On the first morning of my new job in California, the head of HR came into my gleaming office with a shopping list.
What sort of dental cover did I require? How many of my children needed insurance? My job status brought top-of-the-range medical cover, but did I want any extras? Prescription glasses? Chiropractors? I could even set aside a proportion of my salary towards additional “uninsurable” costs, like therapy, or the cost of babysitting. They’d send me a credit card and I could buy whatever I wanted, tax-free.
This was an eye-opener. I’d expected the system to work a bit like private medical insurance in the UK, where you pay an annual premium and they give you a list of what’s not covered and which hospitals you can’t stay in. In Britain, if you’re lucky and your employer pays the bill, you’re taxed on value of the benefit. By contrast, in America it’s a highly sophisticated, complex and expensive industry. In the US the number of insurance administrators and advisors comes close to the number of doctors.
With half a dozen insurance cards stowed safely in my wallet in case I was run over by a bus, I felt secure in the arms of the best system in the world: for those in the system. A feeling not enjoyed by those 47 million Americans who rely on the public hospitals, Medicare (for the elderly) and Medicaid (for the poor). Obama’s dilemma is how to enfranchise the 47 million without lowering the excellent healthcare standards of the comfortably insured.
The republican scaremongers are using our antiquated NHS system to beat Obama’s reforms. I shouldn’t have thought for one moment that his administration was considering using the NHS as a model for US healthcare. There’s much that’s good about the different systems but they are just that: completely different.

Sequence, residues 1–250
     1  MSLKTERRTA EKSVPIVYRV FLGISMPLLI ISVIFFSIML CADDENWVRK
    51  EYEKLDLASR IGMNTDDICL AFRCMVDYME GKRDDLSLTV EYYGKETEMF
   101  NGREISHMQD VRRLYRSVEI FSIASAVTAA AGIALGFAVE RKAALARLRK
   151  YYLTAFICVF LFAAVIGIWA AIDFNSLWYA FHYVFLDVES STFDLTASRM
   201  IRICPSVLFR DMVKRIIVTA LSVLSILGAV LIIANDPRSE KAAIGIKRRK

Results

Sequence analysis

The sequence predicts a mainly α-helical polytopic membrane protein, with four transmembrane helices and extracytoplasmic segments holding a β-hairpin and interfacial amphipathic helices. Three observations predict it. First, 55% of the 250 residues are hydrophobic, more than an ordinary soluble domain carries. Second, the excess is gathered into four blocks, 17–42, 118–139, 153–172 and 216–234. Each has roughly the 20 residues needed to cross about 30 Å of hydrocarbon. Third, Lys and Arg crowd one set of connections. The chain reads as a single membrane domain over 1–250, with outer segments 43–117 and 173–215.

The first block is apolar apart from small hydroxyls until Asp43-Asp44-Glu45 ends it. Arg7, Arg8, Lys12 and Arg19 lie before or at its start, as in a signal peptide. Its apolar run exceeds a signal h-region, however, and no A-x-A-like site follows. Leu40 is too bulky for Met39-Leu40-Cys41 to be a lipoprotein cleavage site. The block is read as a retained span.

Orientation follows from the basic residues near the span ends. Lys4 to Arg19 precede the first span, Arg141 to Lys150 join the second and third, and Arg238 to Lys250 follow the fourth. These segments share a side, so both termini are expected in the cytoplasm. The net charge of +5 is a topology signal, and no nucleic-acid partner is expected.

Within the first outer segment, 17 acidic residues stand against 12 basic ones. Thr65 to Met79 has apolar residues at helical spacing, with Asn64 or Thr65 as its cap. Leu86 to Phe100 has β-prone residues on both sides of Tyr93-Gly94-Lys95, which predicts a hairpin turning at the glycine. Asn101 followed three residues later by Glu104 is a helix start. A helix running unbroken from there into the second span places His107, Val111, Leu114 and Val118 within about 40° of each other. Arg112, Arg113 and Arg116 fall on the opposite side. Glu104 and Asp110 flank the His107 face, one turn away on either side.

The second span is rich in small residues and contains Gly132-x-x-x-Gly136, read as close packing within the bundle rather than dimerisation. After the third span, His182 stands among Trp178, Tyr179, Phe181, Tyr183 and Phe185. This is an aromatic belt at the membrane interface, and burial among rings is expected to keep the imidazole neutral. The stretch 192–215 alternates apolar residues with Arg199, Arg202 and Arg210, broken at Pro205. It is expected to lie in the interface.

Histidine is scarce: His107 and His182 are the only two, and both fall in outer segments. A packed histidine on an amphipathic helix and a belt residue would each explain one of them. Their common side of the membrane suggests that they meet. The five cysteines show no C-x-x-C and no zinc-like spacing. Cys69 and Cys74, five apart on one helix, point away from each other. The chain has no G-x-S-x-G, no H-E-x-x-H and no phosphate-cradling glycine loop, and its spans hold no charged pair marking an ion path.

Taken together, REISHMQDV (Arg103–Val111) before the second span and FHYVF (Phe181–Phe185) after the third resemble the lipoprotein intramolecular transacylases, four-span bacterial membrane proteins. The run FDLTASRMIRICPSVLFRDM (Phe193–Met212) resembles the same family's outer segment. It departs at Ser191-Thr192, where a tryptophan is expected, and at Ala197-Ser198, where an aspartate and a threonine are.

When Joanna first came to the UK, she had a blocked sinus that was causing her incredible pain. “How do I find an Ear Nose and Throat specialist?” she asked, picking up the Yellow Pages. “You don’t,” I said, and rang the local GP in Hampstead. “Come on down,” said the chirpy receptionist, and twenty minutes later Jo walked out of the surgery with a prescription and a huge smile on her face. “They said it was free – what amazing service”, she said and has been hooked on the NHS ever since. She excitedly rang her girlfriends in LA to tell them that the day after our baby was born the wonderful GP in our village trekked out to the house unannounced to introduce herself, followed by a number of healthcare visitors.
But when it came to the pregnancy and birth, Jo opted for the private route. You see, in the US you expect a completely different level of service. The thought of antenatal appointments with a succession of complete strangers and delivery by an unknown midwife without the skills and training of a surgeon filled Jo with horror. Sure, it kind of works over here, and most people are happy enough because they know no better. In America you choose your own consultant who sees you right through your pregnancy, and then personally delivers your child.
In my experience, the country with the best and most equitable system is France. Like America, it operates on a private but insured system. Patients choose their own physicians who in turn have autonomy over their own medical decisions. It’s all paid for by a combination of public and private insurance, however basic insurance is compulsory and universal. There’s no wasteful system of GP referrals, no waiting lists and minimal bureaucracy. It costs far less than the American system, but a lot more than ours. My hunch is that Obama will plump for the French model; shame we can’t afford to do the same.